Procurement and Supply Chain Management are heating up as career choices. The baby boomer generation is beginning to retire, and the field continues to morph into a strategic powerhouse within business – becoming more in-demand than ever before.
But the field is also complex, with a variety of subdisciplines and subject matter areas. As it develops, these niches proliferate. And like any burgeoning field, certain skillsets within Supply Chain Management are in higher demand than others. If you’re just starting out, or even moving to mid-career, it can be hard to find solid info about the most attractive niches in the field. So let a recruitment firm with 15 years of experience recruiting in Supply Chain and Procurement show you the way.
Without further ado, here are the areas within Supply Chain Management that companies are fighting tooth and nail to hire:
Indirect Procurement / Strategic Sourcing:
More companies are adopting a shared services model for Procurement, especially in sectors like Financial Services and Insurance. That means that they’re beefing up their Procurement functions to act as strategic partners for their whole business, with an ethos of continuous improvement. This is letting businesses conduct their “indirect” buying (everything not involved with production) using more efficient and innovative methods.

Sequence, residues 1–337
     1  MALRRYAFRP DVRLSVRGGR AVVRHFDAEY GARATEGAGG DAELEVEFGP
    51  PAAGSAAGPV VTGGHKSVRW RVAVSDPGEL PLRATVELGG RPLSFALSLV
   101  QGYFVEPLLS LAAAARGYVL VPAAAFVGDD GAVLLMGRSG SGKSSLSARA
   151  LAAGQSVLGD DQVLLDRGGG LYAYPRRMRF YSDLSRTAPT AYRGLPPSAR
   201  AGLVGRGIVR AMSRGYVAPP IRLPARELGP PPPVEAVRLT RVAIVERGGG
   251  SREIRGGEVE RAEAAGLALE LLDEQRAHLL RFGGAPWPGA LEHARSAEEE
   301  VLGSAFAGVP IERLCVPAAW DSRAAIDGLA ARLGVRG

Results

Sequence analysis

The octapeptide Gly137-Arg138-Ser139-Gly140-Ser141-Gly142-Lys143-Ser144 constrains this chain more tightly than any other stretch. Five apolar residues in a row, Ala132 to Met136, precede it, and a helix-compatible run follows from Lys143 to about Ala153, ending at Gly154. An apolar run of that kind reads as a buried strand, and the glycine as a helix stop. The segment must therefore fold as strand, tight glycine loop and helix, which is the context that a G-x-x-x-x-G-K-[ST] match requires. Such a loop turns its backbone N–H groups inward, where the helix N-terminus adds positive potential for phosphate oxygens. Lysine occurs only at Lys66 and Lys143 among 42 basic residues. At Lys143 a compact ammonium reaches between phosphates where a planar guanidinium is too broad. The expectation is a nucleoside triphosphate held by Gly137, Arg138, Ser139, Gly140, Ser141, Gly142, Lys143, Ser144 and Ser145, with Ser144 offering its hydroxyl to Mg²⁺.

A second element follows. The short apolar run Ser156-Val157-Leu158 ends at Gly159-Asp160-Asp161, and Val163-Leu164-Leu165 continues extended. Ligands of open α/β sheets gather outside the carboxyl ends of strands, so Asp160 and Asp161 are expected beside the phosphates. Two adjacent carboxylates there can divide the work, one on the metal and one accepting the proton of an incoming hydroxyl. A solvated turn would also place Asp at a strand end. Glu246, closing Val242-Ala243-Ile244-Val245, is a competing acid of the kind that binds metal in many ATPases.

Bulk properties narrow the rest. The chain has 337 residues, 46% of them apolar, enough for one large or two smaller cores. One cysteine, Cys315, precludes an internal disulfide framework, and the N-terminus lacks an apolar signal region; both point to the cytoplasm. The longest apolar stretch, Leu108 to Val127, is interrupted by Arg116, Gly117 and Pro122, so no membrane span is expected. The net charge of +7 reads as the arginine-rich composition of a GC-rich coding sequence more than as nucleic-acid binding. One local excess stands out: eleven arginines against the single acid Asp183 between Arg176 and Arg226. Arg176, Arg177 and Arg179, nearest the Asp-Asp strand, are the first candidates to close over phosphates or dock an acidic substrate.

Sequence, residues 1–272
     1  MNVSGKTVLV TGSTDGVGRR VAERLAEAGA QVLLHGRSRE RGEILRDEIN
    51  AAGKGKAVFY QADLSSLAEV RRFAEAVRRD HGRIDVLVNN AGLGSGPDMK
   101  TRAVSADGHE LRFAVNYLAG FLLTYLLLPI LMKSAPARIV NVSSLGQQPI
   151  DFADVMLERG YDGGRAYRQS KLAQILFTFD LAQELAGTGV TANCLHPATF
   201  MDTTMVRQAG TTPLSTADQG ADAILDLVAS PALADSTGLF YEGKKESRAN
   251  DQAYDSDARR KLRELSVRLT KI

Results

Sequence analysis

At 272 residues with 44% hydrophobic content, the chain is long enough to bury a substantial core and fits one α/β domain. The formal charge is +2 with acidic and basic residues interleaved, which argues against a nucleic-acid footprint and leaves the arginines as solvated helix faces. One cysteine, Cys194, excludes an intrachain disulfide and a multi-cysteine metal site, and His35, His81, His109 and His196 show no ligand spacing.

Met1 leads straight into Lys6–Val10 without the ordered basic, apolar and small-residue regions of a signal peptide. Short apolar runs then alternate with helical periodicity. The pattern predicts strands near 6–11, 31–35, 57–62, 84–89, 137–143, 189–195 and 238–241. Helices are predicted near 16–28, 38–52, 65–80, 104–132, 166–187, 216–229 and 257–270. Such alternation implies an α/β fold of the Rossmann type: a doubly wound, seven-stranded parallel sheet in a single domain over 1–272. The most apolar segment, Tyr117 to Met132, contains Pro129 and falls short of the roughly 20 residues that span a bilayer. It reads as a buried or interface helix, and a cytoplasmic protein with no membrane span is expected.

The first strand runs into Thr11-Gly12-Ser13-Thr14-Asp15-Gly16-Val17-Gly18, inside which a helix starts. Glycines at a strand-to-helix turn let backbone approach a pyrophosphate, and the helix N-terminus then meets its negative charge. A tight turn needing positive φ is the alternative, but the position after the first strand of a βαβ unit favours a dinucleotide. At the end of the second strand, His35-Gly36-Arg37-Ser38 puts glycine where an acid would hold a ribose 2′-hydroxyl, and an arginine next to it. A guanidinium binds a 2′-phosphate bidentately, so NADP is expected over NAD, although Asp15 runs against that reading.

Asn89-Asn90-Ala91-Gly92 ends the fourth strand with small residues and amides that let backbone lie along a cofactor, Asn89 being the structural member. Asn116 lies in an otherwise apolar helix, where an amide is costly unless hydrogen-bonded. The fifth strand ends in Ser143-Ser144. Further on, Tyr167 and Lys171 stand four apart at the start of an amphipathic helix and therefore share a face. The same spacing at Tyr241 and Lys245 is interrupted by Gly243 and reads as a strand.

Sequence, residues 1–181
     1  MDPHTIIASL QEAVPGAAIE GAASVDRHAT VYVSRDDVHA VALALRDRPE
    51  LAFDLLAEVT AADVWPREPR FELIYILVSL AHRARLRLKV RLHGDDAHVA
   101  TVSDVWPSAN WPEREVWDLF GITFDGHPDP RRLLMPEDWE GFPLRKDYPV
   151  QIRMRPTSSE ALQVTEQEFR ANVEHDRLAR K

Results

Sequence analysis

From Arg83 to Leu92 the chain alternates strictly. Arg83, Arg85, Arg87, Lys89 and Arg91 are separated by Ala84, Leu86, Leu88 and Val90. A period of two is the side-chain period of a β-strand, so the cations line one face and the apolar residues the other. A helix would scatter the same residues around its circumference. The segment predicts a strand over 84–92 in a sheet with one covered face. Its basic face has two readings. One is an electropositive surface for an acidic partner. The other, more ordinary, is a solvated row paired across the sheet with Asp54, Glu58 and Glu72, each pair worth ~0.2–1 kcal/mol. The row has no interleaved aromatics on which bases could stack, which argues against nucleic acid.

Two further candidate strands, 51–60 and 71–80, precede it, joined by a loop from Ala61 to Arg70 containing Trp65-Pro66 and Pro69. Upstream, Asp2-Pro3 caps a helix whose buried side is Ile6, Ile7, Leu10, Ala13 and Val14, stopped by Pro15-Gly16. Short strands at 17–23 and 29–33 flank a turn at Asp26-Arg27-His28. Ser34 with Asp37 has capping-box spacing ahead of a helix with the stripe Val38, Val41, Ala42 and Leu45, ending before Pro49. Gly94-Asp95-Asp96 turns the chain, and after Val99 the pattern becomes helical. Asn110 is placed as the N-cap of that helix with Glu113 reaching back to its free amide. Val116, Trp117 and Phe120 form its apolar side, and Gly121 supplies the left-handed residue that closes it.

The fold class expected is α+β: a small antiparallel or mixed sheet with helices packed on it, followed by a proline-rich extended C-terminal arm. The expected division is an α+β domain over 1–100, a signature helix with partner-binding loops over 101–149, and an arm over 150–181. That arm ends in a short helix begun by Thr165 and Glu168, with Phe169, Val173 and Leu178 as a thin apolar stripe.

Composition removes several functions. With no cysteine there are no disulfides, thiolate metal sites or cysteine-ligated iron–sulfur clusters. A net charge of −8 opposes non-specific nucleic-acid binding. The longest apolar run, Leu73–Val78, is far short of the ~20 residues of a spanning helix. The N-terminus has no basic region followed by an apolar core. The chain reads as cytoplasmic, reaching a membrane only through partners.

Procurement is becoming more strategic to the point that normal “transactional” Procurement might soon be a thing of the past, and we’re seeing blistering levels of demand for people who are highly-skilled within Strategic Procurement. Relevant skills include negotiation, contract management, supplier management, vendor management, and outsourcing. Companies are most interested in Strategic Procurement professionals who have bought Information Technology, and other high-demand categories include Marketing, Human Resources, Commercial Print, and Travel.
If you have significant experience buying these things strategically at a healthy scale, you can almost punch your own ticket going forward – with healthy compensation.
Demand and Supply Planning:
Industries such as CPG, Apparel, Food Production, and Pharmaceutical are seeing huge demand for Planners, especially at the junior end. These are the people who help the organization match Demand to Supply to ensure that the right amount of product gets manufactured. Demand Planners work with a variety of forecasting tools and data (historical sales data, seasonality, trends, other market intelligence) to try to predict Demand for a company’s products. Supply Planners use this plan to work to ensure that Supply matches Demand. When it works out, it’s a beautiful thing: the company avoids having extra inventory on hand, and they avoid a shortfall of product that leaves money on the table and customers unhappy.
These people are very prized within industries like Consumer Goods because they add considerably to a business’s competitiveness. More than marketing or sales, Demand and Supply Planners can boost the bottom line of an organization in industries without much product differentiation. While Demand Planning especially can be a thankless job off the bat (demand is, unsurprisingly, very hard to predict with accuracy), many Supply Chain executives agree that Planning is an amazing launch pad into a broader Supply Chain career.